Fluidized-Bed Technology Enabling the Integration of High Temperature Solar Receiver CSP Systems with Steam and Advanced Power Cycles

Zhiwen Ma, B. Sakadjian, S. Hu, M. Maryamchik, T. Flynn, K. Santelmann

Research output: Contribution to journalArticlepeer-review

25 Scopus Citations


Solar Particle Receivers (SPR) are under development to drive concentrating solar plants (CSP) towards higher operating temperatures to support higher efficiency power conversion cycles. The novel high temperature SPR-based CSP system uses solid particles as the heat transfer medium (HTM) in place of the more conventional fluids such as molten salt or steam used in current state-of-the-art CSP plants. The solar particle receiver (SPR) is designed to heat the HTM to temperatures of 800°C or higher which is well above the operating temperatures of nitrate-based molten salt thermal energy storage (TES) systems. The solid particles also help overcome some of the other challenges associated with molten salt-based systems such as freezing, instability and degradation. The higher operating temperatures and use of low cost HTM and higher efficiency power cycles are geared towards reducing costs associated with CSP systems. This paper describes the SPR-based CSP system with a focus on the fluidized-bed (FB) heat exchanger and its integration with various power cycles. The SPR technology provides a potential pathway to achieving the levelized cost of electricity (LCOE) target of $0.06/kWh that has been set by the U.S. Department of Energy's SunShot initiative.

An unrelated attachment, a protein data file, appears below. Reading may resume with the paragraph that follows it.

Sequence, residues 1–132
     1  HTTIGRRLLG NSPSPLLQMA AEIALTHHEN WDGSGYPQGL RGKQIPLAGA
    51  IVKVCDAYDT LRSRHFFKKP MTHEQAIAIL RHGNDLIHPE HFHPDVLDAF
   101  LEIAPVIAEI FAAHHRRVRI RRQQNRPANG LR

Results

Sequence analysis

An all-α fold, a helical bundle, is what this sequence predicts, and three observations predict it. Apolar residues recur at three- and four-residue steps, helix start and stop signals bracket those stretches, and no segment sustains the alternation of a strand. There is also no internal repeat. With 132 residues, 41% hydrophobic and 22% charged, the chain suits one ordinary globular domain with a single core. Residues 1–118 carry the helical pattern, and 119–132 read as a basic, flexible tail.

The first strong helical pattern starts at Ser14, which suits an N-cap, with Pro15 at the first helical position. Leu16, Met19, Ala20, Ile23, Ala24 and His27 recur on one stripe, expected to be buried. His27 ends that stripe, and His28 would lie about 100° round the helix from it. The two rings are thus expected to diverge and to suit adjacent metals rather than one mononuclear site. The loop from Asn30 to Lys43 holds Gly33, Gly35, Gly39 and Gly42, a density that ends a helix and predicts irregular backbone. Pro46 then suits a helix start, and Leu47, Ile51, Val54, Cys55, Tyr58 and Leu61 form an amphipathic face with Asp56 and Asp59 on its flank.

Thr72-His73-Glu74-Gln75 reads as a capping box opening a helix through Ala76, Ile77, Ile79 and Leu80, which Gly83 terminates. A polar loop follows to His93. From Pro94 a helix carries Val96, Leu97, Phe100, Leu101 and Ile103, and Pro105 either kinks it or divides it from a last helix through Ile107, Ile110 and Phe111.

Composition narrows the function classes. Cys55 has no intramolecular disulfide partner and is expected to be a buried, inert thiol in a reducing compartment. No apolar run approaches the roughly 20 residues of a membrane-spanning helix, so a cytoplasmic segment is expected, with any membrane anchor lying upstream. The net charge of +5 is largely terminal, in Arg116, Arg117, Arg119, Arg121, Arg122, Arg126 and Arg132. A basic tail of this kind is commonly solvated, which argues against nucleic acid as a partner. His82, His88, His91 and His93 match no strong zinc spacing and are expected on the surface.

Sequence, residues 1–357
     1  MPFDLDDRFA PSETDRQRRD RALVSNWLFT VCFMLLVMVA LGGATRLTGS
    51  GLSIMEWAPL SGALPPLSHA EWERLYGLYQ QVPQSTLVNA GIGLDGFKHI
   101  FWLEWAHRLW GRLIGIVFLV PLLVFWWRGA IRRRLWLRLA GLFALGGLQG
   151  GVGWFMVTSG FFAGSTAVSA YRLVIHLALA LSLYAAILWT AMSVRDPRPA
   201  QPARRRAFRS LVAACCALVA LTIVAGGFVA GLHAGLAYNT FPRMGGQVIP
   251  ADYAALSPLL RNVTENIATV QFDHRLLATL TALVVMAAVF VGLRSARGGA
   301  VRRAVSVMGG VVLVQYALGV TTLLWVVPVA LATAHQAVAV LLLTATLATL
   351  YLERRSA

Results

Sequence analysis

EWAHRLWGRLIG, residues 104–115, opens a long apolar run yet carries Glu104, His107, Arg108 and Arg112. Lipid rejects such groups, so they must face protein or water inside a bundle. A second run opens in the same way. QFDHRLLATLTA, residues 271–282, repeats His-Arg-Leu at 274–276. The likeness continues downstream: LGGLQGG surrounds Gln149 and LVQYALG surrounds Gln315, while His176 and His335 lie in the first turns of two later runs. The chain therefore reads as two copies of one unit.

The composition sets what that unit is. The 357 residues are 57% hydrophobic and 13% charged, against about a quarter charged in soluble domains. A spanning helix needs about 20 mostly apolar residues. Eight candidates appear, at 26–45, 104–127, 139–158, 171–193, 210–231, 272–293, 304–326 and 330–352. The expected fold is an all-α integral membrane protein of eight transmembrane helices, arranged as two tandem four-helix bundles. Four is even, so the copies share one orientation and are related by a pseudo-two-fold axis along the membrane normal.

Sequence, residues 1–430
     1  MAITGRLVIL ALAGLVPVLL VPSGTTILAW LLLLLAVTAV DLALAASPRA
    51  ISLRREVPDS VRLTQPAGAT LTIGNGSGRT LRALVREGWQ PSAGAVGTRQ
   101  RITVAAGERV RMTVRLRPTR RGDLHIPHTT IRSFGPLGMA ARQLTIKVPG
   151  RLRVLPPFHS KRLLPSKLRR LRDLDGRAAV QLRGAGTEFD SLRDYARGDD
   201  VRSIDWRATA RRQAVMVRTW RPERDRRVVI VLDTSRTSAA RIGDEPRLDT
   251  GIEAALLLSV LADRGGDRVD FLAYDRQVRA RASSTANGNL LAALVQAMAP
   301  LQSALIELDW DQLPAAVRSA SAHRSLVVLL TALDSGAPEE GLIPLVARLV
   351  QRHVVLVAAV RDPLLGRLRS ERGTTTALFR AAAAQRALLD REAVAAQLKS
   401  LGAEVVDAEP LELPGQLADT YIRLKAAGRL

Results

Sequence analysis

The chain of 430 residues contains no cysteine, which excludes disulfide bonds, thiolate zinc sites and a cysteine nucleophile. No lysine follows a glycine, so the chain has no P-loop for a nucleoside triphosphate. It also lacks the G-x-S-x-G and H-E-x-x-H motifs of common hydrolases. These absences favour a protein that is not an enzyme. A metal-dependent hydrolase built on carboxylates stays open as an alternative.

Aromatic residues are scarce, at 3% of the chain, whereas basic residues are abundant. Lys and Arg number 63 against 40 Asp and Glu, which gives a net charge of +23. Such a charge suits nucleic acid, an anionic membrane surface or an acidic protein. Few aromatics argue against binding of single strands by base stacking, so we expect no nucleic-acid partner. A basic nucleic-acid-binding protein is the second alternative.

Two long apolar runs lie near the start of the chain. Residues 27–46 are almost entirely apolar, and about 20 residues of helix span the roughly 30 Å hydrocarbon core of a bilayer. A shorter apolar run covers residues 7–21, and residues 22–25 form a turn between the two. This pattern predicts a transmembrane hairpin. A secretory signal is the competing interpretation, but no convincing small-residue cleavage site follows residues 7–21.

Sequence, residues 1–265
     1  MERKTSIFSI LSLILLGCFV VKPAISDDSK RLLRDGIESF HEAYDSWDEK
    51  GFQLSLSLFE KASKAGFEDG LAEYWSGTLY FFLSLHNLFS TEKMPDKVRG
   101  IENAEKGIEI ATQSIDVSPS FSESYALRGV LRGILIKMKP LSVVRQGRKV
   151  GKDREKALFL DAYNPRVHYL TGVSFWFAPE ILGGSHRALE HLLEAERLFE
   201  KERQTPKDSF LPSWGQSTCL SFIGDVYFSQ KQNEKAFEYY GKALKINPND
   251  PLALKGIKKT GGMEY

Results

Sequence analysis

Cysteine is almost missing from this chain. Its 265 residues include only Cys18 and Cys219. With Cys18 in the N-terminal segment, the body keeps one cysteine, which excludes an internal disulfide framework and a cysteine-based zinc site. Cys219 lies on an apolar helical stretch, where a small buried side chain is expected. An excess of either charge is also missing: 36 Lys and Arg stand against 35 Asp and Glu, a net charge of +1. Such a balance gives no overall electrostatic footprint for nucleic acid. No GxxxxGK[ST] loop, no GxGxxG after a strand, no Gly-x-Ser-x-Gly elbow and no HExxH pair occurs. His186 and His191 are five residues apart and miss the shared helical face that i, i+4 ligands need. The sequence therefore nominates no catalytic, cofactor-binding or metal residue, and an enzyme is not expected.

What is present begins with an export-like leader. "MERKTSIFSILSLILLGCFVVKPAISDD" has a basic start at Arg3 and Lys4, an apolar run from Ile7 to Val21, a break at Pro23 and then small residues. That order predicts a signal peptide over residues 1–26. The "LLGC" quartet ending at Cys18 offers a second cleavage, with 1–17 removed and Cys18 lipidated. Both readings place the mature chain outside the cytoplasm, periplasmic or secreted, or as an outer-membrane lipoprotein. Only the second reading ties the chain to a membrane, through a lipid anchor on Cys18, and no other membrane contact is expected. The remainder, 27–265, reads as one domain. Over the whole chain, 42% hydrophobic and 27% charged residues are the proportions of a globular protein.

Original languageAmerican English
Pages (from-to)1404-1411
Number of pages8
JournalEnergy Procedia
StatePublished - 2015
EventInternational Conference on Concentrating Solar Power and Chemical Energy Systems, SolarPACES 2014 - Beijing, China
Duration: 16 Sep 201419 Sep 2014

Bibliographical note

Publisher Copyright:
© 2015 Published by Elsevier Ltd.

NREL Publication Number

  • NREL/JA-5500-64041


  • concentrating solar power (CSP)
  • fluidized bed
  • heat exchanger
  • high efficiency
  • high temperatures
  • renewable energy (RE)
  • solar particle receiver
  • solid particles


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